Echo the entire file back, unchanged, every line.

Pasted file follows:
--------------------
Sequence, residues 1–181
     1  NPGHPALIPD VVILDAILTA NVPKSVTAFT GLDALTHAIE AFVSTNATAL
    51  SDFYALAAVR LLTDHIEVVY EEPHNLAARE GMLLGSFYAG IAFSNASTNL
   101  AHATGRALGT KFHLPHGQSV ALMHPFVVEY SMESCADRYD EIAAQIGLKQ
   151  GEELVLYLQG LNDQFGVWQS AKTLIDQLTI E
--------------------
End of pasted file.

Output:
Sequence, residues 1–181
     1  NPGHPALIPD VVILDAILTA NVPKSVTAFT GLDALTHAIE AFVSTNATAL
    51  SDFYALAAVR LLTDHIEVVY EEPHNLAARE GMLLGSFYAG IAFSNASTNL
   101  AHATGRALGT KFHLPHGQSV ALMHPFVVEY SMESCADRYD EIAAQIGLKQ
   151  GEELVLYLQG LNDQFGVWQS AKTLIDQLTI E